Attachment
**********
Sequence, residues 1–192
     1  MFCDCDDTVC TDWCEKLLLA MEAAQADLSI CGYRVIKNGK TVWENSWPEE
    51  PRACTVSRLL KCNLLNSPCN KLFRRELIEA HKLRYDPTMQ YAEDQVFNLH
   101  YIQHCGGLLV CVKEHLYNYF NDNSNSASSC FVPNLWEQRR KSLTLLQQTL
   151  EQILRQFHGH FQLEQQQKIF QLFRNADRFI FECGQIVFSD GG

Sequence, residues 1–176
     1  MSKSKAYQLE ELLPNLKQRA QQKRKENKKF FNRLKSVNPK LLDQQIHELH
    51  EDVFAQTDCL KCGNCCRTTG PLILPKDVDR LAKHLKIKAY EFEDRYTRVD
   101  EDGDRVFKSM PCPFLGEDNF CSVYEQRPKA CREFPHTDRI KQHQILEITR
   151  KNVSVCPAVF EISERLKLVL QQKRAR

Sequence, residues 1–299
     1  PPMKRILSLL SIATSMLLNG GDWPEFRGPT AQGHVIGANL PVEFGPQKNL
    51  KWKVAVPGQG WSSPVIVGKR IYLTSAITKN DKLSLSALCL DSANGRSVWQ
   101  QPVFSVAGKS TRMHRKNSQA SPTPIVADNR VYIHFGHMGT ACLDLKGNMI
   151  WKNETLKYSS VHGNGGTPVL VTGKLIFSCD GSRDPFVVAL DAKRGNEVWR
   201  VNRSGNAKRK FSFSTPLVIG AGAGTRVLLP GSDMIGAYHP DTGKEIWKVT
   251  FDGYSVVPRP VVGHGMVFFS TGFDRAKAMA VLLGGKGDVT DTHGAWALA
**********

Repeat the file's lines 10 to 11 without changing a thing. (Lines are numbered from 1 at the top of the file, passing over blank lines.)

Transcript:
   151  KNVSVCPAVF EISERLKLVL QQKRAR

Sequence, residues 1–299